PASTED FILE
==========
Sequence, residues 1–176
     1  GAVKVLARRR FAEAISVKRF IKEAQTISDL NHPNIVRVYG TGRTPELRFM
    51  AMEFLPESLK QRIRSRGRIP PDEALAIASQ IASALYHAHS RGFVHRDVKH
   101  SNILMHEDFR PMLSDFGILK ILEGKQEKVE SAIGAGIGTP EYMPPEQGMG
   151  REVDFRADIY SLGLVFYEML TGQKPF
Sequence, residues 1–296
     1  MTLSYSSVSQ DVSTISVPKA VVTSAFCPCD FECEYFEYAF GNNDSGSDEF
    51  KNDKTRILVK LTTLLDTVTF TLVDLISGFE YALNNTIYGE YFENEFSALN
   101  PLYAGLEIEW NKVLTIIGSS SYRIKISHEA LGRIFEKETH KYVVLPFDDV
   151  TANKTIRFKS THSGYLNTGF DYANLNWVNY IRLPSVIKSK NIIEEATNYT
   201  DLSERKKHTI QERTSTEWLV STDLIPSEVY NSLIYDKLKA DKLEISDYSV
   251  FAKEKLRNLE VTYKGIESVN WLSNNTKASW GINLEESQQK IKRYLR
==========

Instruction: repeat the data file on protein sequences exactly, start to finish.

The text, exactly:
Sequence, residues 1–176
     1  GAVKVLARRR FAEAISVKRF IKEAQTISDL NHPNIVRVYG TGRTPELRFM
    51  AMEFLPESLK QRIRSRGRIP PDEALAIASQ IASALYHAHS RGFVHRDVKH
   101  SNILMHEDFR PMLSDFGILK ILEGKQEKVE SAIGAGIGTP EYMPPEQGMG
   151  REVDFRADIY SLGLVFYEML TGQKPF
Sequence, residues 1–296
     1  MTLSYSSVSQ DVSTISVPKA VVTSAFCPCD FECEYFEYAF GNNDSGSDEF
    51  KNDKTRILVK LTTLLDTVTF TLVDLISGFE YALNNTIYGE YFENEFSALN
   101  PLYAGLEIEW NKVLTIIGSS SYRIKISHEA LGRIFEKETH KYVVLPFDDV
   151  TANKTIRFKS THSGYLNTGF DYANLNWVNY IRLPSVIKSK NIIEEATNYT
   201  DLSERKKHTI QERTSTEWLV STDLIPSEVY NSLIYDKLKA DKLEISDYSV
   251  FAKEKLRNLE VTYKGIESVN WLSNNTKASW GINLEESQQK IKRYLR